We make it a policy to not answer questions about fertility, pregnancy, paternity, or health in general. Many have asked why? Most psychics today will answer those questions in a private readings, so why does the Psychic Bitch not?
My grandfather was a dowser. He could pick up any old stick and find water under the ground. He had a reputation amongst his family and neighbors. Now, that is all cool, but who would use a dowser to choose where to dig a well nowadays? Now we have high tech equipment that can “see” the water pockets under the earth and tell you exactly where to dig.
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Psychic Bitch began as a joke among three Keen psychics on December 13, 2004. The three psychics were on a 3-way phone conversation venting about how frustrating it can be to hear the same person telling you the same problem day after day. They were complaining that their clients were not actually listening to the advice they were sharing with them. The clients would return, sometimes daily, asking the same questions over and over, never acting on the advice they were given. The three psychics wished that they could just yell at some of their clients, rather than being polite. One of the psychics made the remark that they should start a website, Psychic Bitch, where they could actually tell it like it is. They all laughed and decided to call it a night and ended the call. The next day, the psychic, who had the idea for Psychic Bitch (now known as Da Boss), decided to log in to her favorite registrar to see if PsychicBitch.com was available. And, low and behold, it was! So, she bought it, and thus began the saga of Psychic Bitch. Read more ›
Witches have been practicing kitchen magick for thousands of years. Along with their cats (to help with conjuring) and their brooms (to sweep away negativity), witches cooked up many a potion and spell in their cauldrons. There was a beautiful novel/novella written back in 1950 by Isak Dinesen (the author of “Out of Africa”) called “Babette’s Feast,” about a woman, Babette, who quietly and subtly enchanted the guests at her feast. It was one of the best examples of kitchen magick (in this author’s opinion) ever written.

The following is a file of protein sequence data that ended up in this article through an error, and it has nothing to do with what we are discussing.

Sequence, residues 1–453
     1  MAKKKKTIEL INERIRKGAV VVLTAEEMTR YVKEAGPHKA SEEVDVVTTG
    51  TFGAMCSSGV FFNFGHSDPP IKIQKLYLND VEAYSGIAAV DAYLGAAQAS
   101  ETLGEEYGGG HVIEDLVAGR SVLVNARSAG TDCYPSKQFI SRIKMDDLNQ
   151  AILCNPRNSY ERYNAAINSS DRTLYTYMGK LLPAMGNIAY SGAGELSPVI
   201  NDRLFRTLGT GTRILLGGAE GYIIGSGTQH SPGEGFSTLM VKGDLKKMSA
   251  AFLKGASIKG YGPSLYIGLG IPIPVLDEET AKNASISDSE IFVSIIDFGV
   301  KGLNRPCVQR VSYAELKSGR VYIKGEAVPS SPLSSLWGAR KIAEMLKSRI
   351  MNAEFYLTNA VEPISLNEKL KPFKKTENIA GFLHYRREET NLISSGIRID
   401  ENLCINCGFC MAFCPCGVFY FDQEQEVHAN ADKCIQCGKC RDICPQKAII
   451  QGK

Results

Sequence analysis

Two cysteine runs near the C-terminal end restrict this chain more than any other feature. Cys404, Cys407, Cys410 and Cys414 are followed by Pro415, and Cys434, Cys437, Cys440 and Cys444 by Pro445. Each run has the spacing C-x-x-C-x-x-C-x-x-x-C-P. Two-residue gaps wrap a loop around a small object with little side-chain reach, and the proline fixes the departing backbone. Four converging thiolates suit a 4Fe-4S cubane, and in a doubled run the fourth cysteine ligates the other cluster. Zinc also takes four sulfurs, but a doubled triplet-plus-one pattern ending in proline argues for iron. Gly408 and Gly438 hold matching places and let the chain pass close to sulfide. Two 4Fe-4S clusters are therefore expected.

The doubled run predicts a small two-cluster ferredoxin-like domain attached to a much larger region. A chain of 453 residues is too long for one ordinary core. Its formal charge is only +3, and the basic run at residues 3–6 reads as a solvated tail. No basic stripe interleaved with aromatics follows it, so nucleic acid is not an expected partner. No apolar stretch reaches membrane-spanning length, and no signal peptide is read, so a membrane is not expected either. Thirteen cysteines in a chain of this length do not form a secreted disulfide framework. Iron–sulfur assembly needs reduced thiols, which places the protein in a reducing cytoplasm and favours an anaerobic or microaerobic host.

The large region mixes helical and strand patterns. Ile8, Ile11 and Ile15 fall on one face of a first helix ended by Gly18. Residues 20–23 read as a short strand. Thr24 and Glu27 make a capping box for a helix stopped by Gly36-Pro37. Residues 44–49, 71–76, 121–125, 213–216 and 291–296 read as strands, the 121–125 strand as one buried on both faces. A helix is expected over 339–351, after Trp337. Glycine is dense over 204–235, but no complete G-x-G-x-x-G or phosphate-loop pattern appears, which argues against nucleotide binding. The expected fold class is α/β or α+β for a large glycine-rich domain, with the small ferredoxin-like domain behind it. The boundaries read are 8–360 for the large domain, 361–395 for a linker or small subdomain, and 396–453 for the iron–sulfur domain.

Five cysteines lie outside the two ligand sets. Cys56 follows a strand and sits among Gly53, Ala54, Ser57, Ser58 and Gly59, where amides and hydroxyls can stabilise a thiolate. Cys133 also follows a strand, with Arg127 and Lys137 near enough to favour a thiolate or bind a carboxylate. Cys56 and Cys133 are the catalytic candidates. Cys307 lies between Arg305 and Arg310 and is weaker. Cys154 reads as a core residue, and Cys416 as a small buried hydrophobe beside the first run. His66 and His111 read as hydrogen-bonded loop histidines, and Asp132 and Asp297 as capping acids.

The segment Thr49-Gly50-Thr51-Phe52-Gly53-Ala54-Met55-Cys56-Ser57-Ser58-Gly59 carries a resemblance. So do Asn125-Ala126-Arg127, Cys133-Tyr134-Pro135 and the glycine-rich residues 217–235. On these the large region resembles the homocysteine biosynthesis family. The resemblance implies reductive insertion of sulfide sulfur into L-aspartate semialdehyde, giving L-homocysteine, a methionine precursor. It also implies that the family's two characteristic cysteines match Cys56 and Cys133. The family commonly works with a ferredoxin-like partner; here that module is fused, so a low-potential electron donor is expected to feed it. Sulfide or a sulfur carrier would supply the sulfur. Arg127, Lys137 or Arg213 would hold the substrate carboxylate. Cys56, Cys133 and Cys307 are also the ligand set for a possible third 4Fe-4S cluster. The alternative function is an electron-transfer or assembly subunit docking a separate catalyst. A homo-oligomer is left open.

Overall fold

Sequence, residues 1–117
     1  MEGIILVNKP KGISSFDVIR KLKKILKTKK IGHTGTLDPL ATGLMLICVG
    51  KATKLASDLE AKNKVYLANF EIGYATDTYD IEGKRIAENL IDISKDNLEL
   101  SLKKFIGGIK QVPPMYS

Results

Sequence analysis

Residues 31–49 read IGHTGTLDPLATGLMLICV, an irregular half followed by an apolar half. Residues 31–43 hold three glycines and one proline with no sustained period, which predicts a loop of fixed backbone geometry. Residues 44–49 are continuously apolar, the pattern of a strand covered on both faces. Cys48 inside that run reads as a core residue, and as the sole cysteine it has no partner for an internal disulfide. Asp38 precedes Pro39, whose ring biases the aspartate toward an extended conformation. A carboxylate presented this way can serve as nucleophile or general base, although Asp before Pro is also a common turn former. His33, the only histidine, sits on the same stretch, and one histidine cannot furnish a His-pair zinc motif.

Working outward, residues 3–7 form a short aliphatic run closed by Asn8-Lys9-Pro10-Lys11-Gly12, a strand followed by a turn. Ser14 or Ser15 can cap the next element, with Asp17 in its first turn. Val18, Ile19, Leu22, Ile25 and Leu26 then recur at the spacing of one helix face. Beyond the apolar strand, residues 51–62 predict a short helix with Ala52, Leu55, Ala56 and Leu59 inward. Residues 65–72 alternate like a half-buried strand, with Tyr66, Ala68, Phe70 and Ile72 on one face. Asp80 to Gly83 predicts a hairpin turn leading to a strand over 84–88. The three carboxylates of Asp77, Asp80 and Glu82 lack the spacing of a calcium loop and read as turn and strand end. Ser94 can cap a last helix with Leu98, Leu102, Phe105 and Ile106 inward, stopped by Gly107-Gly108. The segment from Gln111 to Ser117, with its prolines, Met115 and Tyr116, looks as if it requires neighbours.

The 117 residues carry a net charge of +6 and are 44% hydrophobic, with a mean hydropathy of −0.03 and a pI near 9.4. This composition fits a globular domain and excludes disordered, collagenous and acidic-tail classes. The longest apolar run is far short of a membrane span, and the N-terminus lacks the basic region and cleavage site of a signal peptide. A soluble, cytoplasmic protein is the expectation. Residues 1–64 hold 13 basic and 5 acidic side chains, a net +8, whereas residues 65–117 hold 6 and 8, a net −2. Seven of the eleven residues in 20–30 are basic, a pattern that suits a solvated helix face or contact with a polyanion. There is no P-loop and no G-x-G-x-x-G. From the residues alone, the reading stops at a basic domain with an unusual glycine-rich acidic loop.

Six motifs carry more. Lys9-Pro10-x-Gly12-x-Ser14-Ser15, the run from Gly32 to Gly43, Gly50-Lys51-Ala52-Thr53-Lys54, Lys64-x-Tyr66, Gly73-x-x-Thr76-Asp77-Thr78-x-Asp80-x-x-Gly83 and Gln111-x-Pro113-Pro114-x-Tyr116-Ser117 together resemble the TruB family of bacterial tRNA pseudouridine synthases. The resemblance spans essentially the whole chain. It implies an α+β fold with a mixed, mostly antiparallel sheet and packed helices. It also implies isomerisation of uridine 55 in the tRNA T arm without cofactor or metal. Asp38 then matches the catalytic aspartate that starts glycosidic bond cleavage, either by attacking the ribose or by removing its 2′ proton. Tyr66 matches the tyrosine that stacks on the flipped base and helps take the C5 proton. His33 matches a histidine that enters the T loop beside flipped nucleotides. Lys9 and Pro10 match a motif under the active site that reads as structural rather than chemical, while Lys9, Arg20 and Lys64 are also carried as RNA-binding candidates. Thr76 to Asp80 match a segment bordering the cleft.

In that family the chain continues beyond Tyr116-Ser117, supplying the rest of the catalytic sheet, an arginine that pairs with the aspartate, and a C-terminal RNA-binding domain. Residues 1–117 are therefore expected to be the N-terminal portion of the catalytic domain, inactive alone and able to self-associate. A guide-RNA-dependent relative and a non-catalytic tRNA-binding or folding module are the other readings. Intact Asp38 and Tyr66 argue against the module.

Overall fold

We prepare food every day, and with just a little focus and attention, we can use that cuisine to create the life that we desire. It won’t happen instantly, but with practice, we may actually amaze ourselves. Some quick things we can do every time we prepare a meal is to keep the focus of our intentions (the result we are looking for) clear in our minds while we are concocting our recipe. Another important point is to always stir clockwise, because clockwise is in harmony with the Sun and the Moon. Food can also be cut into shapes to represent our goals, even something as simple as slicing cheese into cubes to represent blocks of gold. And, always cook with love and add a blessing for every person you are cooking for.
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There has been a lot of controversy about the ouija board over the years. Some swear that its an excellent tool for divination and for contacting passed over loved ones. Others believe that it can lead to demonic possession. This article is not meant to side with one opinion or the other. This author’s objective is to review the facts and the testimonials, and let the readers come to their own conclusions.
The origins of the ouija board (also called talking board or spirit board) goes back to the mid 1800’s with the Fox sisters of New York. They were mediums and they often did their readings, contacting the dead, publically. They would ask questions of the spirits and receive audible knocks on the wall. They would then translate the knocks into letters of the alphabet. A few years later, after the Civil War, people were enchanted with the idea of contacting lost loved ones, and came up with different ways to contact the spirit world. There were articles in newspapers about the “new” talking boards coming from the Spiritualist movement. Read more ›
The origins of Halloween began more than 2,000 years ago with the ancient Celtic festival, Samhain (pronounced “sow-in” with the “ow” like “cow”). Their calendar began on November 1st, so October 31st, Samhain, was their New Year’s Eve. It was believed that the dead would rise on Samhain, and they would wreak havoc, including damaging crops. They also believed that on that day their priests, the Druids, could see into the future. They had huge celebrations with sacred bonfires, and many would wear masks to fool the spirits into thinking they were also part of the walking dead.
By 43 A.D., the Romans had conquered most of the Celtic territory. They also had a holiday that occurred in late October where they commemorated their dead, and a second day to honor the apple. The Celts incorporated the Roman tradition of apples into their holiday, and now we “bob” for apples. Read more ›